I can be a bit more critical of news stories about lung cancer during the month of November than any other month. November is Lung Cancer Awareness Month. More eyes are focused on this disease during this month than any other time of the year. It’s a big opportunity and responsibility to educate the general public about lung cancer and how it can affect them.
Sure any publicity can be considered good publicity when talking about raising awareness for a cause, but there are definitely misconceptions about lung cancer that shouldn’t be perpetuated or ignored. These misconceptions have led to a stigma that lung cancer is a preventable disease, one that only smokers get and that simply isn’t true.
Some of the stories in the media this month are about quitting smoking. Yes I think people should never start smoking and if they smoke I think they should quit for many health reasons, but I don’t think linking a “quitting smoking” story to Lung Cancer Awareness Month makes any sense.
Fact #1 Smokers are not the only people who get lung cancer.
Well over 60 % of people diagnosed with lung cancer either never smoked a day in their lives or quit smoking decades ago. Radon and asbestos cause lung cancer and genetics may play a part in who develops lung cancer as well. Most recently the World Health Organization just listed air pollution as a cause of lung cancer and people being diagnosed with it are getting younger and younger. Smoking kills about 400,000 people every year and it’s a serious deadly habit. But not all smokers get lung cancer.
People who smoke can get lung cancer. Never smokers who lived healthy and active lifestyles can get lung cancer. People who quit smoking and lived decades as a nonsmoker, get lung cancer. Children, teens and young adults can get lung cancer too. Please don’t write a story about quitting smoking and link it to Lung Cancer Awareness Month unless the person who quit smoking also got lung cancer. Anyone with lungs can get lung cancer and this month is for them too.
Fact #2 Quitting Smoking Doesn’t Eliminate Your Lung Cancer Risk.
Those who have a smoking history will ALWAYS have a higher risk of developing lung cancer. Most of the stories I’ve read about quitting smoking this month imply that those who quit smoking are now safe from ever getting lung cancer. That’s not true. While quitting smoking eliminates or reduces your risk of certain diseases, stroke and other cancers, you will always be at a higher risk of developing lung cancer than a never smoker. (The key is to never start smoking!) The damage to your lungs stops when you quit smoking but it’s not enough to tell smokers to quit and leave them with a false sense of safety. Ex-smokers need to be more aware of their bodies and any symptoms that arise.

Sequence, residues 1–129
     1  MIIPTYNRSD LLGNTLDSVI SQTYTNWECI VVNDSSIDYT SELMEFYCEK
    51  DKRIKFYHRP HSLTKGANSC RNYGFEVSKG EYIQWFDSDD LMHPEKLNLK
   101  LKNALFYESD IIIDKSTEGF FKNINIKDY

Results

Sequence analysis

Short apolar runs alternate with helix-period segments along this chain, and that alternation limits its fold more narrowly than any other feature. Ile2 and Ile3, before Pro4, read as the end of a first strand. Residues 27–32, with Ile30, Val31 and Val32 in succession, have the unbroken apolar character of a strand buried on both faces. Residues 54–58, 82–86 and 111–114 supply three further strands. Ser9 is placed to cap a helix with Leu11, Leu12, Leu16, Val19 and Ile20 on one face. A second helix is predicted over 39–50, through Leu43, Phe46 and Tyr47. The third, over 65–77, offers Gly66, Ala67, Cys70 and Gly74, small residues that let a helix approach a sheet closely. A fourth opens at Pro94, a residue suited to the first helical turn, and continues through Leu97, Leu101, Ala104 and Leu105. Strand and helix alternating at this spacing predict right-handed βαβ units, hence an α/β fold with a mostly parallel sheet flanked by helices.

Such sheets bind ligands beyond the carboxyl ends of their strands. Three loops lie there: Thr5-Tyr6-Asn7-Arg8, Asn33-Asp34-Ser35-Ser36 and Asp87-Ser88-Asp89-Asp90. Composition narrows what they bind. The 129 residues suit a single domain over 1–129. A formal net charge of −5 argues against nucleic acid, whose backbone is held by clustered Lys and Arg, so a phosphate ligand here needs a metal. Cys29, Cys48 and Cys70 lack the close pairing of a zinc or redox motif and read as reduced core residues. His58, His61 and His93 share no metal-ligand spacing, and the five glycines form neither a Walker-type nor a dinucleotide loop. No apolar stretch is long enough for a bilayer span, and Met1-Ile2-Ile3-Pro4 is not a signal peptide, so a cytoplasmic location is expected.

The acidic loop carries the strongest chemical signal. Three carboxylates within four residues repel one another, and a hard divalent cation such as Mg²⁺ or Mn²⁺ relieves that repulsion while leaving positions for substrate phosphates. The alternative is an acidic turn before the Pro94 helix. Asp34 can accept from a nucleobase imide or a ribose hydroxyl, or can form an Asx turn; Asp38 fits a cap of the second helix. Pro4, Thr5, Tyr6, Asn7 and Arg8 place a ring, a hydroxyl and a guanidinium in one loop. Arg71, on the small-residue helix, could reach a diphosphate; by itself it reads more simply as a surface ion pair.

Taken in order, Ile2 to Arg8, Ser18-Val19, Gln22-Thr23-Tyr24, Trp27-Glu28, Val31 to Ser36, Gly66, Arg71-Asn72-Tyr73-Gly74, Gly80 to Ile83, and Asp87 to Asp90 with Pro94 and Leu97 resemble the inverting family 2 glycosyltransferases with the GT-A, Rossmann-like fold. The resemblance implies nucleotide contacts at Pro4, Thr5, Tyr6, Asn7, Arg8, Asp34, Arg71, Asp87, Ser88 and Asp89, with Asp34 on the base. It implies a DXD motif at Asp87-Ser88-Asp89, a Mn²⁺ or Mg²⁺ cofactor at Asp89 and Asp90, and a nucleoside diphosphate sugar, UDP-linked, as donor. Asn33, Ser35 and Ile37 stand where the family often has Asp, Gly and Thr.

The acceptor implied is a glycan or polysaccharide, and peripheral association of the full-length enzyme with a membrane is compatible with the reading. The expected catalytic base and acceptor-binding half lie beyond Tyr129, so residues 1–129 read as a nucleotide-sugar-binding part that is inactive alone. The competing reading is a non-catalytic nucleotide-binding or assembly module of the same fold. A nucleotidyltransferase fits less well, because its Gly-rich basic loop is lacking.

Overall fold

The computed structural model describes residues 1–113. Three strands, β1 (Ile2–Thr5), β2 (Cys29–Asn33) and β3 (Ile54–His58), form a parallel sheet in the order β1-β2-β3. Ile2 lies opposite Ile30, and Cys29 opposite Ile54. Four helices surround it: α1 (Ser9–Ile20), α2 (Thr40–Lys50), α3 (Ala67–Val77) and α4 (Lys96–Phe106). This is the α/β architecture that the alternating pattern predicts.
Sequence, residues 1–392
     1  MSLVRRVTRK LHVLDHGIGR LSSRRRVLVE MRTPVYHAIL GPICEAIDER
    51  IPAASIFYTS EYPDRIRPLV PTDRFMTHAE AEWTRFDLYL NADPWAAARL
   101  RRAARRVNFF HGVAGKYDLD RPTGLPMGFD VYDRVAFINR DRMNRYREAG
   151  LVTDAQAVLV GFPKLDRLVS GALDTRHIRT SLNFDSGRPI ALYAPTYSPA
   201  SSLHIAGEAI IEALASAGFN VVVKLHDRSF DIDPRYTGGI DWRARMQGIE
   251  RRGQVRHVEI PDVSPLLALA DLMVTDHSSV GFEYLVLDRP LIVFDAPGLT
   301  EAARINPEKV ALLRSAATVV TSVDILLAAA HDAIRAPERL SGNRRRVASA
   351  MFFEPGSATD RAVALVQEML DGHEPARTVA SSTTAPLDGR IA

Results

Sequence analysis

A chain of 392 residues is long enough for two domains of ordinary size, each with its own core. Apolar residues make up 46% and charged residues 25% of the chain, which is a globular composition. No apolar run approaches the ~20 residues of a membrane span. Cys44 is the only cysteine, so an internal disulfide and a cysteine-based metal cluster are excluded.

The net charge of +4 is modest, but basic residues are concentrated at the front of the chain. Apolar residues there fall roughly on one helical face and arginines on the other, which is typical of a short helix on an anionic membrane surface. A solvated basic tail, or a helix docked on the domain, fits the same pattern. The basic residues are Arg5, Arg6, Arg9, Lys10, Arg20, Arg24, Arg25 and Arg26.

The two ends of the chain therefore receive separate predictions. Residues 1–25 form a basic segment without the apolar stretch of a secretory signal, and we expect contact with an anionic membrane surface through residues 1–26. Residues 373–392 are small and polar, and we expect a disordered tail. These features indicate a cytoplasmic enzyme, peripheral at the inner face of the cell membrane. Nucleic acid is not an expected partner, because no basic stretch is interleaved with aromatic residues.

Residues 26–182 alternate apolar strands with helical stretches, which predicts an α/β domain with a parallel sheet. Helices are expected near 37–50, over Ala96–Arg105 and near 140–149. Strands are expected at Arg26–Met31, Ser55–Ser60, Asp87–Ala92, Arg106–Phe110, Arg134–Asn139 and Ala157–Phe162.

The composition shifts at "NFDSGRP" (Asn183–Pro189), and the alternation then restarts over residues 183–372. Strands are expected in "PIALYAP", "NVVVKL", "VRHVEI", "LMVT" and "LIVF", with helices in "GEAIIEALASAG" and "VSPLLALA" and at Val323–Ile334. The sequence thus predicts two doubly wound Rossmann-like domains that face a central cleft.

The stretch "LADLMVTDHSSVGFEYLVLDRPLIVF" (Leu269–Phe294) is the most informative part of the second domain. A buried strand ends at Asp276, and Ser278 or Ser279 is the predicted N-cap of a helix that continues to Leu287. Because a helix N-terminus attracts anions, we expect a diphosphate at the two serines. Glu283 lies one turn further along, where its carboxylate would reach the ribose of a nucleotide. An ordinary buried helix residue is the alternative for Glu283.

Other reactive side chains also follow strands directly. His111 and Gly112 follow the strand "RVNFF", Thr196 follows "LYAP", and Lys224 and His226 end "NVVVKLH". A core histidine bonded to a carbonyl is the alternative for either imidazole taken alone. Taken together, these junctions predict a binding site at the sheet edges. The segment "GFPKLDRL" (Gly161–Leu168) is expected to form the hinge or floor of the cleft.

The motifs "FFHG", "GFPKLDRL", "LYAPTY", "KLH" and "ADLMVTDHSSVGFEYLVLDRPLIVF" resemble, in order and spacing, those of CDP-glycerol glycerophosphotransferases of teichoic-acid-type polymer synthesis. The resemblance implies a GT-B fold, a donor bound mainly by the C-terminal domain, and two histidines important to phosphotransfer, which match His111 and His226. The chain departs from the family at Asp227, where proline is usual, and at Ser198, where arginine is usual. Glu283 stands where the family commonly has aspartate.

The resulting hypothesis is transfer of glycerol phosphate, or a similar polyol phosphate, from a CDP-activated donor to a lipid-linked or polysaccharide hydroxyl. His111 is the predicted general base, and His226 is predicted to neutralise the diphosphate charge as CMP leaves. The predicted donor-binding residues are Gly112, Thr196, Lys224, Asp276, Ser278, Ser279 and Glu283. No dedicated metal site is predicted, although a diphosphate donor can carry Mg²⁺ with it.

While there is currently no early detection test for lung cancer, there is lung cancer screening in many areas for people over the age of 55 with a 30 pack year smoking history. Quitting smoking doesn’t eliminate your lung cancer risk but catching lung cancer earlier is your best chance at survival. Please don’t write a story about quitting smoking unless you include information about continued lung cancer risk and screening programs to help detect lung cancer early. And please don’t write a story about quitting smoking during Lung Cancer Awareness Month unless the person in your story also got lung cancer.
Fact #3 Stories about Smoking during Lung Cancer Awareness Month Hurts the Cause
Lung Cancer Awareness Month was created to bring awareness to a disease that does not discriminate. Historically lung cancer has been the lowest funded cancer even though it kills more people than any other cancer. Why? For far too long lung cancer has been thought of as simply a preventable disease and that if people didn’t smoke they wouldn’t get it.
Lung Cancer Awareness Month was created to eliminate those misconceptions and that stigma. While you can lower your risk of developing lung cancer, you cannot prevent it.
We don’t typically see news stories about “causes” of other cancers during their awareness months. I agree that smoking cessation is important. I also believe in radon testing and awareness about asbestos, carcinogens and pollutants. While the collective “we” work on improving our health and become more aware of the environmental hazards around us we also need to find an early detection test for lung cancer and more treatment options to extend survival for people who are diagnosed with this disease- no matter what the cause.
For more information about lung cancer, please visit www.lungevity.org